Can a policyholder race to a lawsuit demanding appraisal without expressing a disagreement over the amount of the loss? A Florida court says “no.”1
The holding is pretty simple:
Because the parties never engaged in an exchange of information sufficient to establish a genuine disagreement over the amount of loss, the matter was not ripe for appraisal, and the trial court erred in granting the Association’s premature motion to compel appraisal.
The vast majority of all insurance disputes come to a point where either the insurer expressly states in words that convey “the policyholder is asking for payment greater than what is determined is due,” or the policyholder conveys the message that “the insurer is paying too little.” There is usually some rancor and exchange of ideas that what is being paid or estimated is owed is something not mutually agreed to. That is an expressed disagreement.
My reading of the case suggests that the courts are looking for some expressed disagreement with the insurer’s estimated amount of loss before the policyholder can demand appraisal. Since that has been my practice, I agree with the decision. In part or in whole, there should be some disagreement about the amount of the loss before the policyholder demands appraisal.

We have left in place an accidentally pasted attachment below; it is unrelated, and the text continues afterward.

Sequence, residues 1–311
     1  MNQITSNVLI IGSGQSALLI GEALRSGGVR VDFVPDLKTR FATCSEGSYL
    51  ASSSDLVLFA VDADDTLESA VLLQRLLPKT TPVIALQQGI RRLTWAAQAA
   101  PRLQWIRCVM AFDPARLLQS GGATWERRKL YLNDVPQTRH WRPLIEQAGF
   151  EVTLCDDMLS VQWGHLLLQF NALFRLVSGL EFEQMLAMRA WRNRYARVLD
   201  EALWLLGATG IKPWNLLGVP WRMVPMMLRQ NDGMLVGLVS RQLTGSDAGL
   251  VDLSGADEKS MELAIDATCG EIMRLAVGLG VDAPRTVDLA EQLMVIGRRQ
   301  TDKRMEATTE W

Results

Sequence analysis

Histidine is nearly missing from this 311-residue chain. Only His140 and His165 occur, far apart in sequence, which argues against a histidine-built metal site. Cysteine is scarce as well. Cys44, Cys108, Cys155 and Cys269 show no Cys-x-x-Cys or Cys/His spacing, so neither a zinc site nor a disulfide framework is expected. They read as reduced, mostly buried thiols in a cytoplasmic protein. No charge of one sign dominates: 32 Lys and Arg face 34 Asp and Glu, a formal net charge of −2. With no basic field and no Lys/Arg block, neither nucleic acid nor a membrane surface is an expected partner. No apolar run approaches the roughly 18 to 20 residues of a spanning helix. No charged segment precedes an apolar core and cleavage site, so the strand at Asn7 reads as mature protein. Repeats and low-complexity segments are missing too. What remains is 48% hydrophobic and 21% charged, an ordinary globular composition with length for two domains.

My concern is that insurers are going to highlight this language of the decision:
Simply put, the parties did not engage in a meaningful exchange sufficient to establish a disagreement regarding the value of the property or the amount of loss. We reaffirm that “appraisal is premature when one party has not provided a meaningful exchange of information sufficient to substantiate the existence of a genuine disagreement.
Some insurance companies can never get enough “meaningful” exchanges of information when they delay and refuse to fully pay, citing that their investigation is still ongoing. They will argue the matter is not ripe for an appraisal even though there is a genuine dispute and disagreement about the loss. This happens quite often with condominium or larger dollar claims.
Thought For The Day
The people to fear are not those who disagree with you, but those who disagree with you and are too cowardly to let you know.
1 Certain Underwriters at Lloyd’s v. Lago Grande 5-D Condo. Ass’n, No. 3D21-636 (Fla. 3d DCA May 4, 2022).